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Boxing Perspective: Barry McGuigan vs. Azumah Nelson?

Let's turn the clock back to 1985 in order to consider what could have been a legendary fight between Barry McGuigan and Azumah Nelson.

Both men were riding high in the featherweight division. McGuigan, on an emotional night in London, had defeated the great Panamanian Euesbio Pedroza and had cemented that win with a solid eight round victory over tough American Bernard Taylor.

As for Nelson, he became a World Champion at the second time of asking by defeating the great Wilfedo Gomez in 11 rounds in 1984. He ended the following year with a second successful defence against Briton Pat Cowdell with a swift one round knockout to close 1985.

After months of being called out by Nelson, "The Clones Cyclone" Barry McGuigan agreed to put his WBA version of the championship on the line against The Professor's WBC honours.

The fight was signed to take place at the Caesars Palace Sports Pavillion on 25 February, 1986. It would be a fight that Ring Magazine would vote Fight of the Year.

Despite the goading by Nelson, it was obvious that the African had a high amount of respect for his Irish opponent.

This was highlighted in the opening few rounds when Nelson adopted a high guard to offset the constant pressure of his opponent who was three years younger. McGuigan, although setting the pace, was always wary of the African's potent left hook. That fear was realised when McGuigan was caught high on the temple, taking a count in the fifth round.

McGuigan would spend the rest of the round trying to clear his head, but did manage to stun Nelson with a left hook to the solar plexus to end the fifth.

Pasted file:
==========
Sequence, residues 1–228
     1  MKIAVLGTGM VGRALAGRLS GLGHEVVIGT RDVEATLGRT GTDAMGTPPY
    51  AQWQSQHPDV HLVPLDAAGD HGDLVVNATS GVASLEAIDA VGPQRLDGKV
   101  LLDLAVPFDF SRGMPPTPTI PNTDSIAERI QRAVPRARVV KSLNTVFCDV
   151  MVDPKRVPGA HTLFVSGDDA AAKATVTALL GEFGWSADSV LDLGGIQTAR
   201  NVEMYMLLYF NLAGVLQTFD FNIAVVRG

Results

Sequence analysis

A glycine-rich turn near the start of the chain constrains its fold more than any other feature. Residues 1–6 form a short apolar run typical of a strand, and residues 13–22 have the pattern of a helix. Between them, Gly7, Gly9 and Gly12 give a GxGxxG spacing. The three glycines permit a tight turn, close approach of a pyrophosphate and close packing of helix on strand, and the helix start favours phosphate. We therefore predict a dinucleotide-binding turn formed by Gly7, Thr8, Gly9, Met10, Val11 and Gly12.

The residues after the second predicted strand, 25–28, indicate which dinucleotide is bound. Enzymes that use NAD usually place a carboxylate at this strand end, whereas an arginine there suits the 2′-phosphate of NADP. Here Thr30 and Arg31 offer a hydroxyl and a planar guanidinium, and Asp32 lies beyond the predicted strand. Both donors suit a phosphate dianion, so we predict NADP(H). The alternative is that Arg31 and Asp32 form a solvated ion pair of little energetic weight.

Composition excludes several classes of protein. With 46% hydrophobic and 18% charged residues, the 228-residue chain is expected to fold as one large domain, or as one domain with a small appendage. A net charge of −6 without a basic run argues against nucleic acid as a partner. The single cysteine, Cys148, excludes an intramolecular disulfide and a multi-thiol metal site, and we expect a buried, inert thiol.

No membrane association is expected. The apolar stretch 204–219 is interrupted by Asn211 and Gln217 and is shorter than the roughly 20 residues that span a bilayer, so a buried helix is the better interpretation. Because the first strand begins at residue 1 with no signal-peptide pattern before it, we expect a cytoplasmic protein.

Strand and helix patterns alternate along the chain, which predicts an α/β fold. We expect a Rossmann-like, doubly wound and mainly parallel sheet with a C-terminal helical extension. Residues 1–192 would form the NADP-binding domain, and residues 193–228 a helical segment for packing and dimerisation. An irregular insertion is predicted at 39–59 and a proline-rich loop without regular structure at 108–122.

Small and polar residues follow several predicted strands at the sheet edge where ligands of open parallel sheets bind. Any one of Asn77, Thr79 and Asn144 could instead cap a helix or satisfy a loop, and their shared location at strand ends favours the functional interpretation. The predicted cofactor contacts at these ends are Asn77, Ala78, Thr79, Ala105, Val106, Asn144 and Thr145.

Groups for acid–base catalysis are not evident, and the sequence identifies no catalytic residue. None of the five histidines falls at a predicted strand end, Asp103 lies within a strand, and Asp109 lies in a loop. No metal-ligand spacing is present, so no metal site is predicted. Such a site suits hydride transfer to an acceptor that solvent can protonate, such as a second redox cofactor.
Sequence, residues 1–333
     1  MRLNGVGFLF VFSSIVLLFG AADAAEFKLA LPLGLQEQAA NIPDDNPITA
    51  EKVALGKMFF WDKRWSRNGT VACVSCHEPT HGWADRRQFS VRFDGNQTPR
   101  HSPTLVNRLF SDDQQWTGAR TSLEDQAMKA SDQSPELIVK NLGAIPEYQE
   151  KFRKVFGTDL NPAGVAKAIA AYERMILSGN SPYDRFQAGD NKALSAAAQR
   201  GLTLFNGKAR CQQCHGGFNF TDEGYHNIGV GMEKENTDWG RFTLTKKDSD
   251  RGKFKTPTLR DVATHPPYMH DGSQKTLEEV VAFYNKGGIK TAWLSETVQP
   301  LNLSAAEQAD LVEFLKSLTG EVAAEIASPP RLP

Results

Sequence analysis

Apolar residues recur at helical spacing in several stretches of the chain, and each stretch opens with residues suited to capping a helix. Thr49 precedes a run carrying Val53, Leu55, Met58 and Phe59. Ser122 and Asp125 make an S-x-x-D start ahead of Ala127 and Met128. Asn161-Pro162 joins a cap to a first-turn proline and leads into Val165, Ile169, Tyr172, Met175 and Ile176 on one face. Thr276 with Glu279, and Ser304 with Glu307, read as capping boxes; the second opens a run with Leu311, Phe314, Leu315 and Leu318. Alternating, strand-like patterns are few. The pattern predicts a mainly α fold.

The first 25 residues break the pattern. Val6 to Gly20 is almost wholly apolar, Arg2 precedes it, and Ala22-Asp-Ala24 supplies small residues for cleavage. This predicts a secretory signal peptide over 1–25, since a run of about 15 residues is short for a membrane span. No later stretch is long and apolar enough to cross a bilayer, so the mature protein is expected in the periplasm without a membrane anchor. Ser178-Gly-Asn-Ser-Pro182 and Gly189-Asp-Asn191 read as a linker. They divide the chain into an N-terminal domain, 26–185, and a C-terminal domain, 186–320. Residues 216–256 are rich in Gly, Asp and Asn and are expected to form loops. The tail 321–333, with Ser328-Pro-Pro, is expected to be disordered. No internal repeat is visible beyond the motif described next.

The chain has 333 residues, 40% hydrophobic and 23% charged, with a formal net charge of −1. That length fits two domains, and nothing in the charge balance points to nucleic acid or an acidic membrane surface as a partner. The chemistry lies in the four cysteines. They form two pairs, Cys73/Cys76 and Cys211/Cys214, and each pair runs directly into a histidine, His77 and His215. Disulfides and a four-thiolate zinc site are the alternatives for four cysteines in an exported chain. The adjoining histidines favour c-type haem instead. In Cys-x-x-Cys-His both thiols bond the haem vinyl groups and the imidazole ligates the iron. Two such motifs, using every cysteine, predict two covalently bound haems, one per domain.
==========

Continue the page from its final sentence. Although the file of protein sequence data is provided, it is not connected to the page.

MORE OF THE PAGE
For the next four rounds, MCGuigan would continue to fight with incredible bravery. He was pulling off the right sort of fight and not giving the harder punching Nelson a chance to plant his feet. It was a fight that was hard to score. What did you prefer? The constant pressure of McGuigan or the cleaner shots of Nelson?

Going into the 11th, the fight was nip and tuck on the judge's scorecards. McGuigan, although pressurising the African, was notably marking up around both eyes as Nelson started to potshot.

That pattern continued as we went down the championship stretch. The 14th in particular was a hellacious round for the Irishman as the pace noticeable began to slow, giving his older opponent more chances to land. However, the fight was still in the balance as we approached the 15th and final round.

A weary McGuigan touched gloves with Nelson at the start of the 15th. One big round for the Irishman and he could possibly still win the fight. However, disaster struck one minute from the end of the fifteenth round when Nelson connnected with another big left hook, knocking the exhausted Irishman to the canvas. McGuigan would get up and smother his way to the final bell but that 10-8 round would prove to be the deciding factor.

As the decision was announced, both men embraced showing a respect that only the two of them could appreciate. Nelson's two knockdowns would be the difference maker as he took a close but unanimous decision. He was now the unified champion.

Problems outside the ring caused McGuigan to take a two year hiatus from the ring and he would eventually make a comeback to the squared circle in 1988. After three comeback wins at super featherweight, he would be rematched with old foe Nelson for the WBC title.

McGuigan, although determined, was no longer the force he was in his featherweight days and a fifth round stoppage on cuts saved his dignity. Before the fight, McGuigan said he would retire if he lost.

Ever since that day he has been true to his word.

About Lee Bellfield

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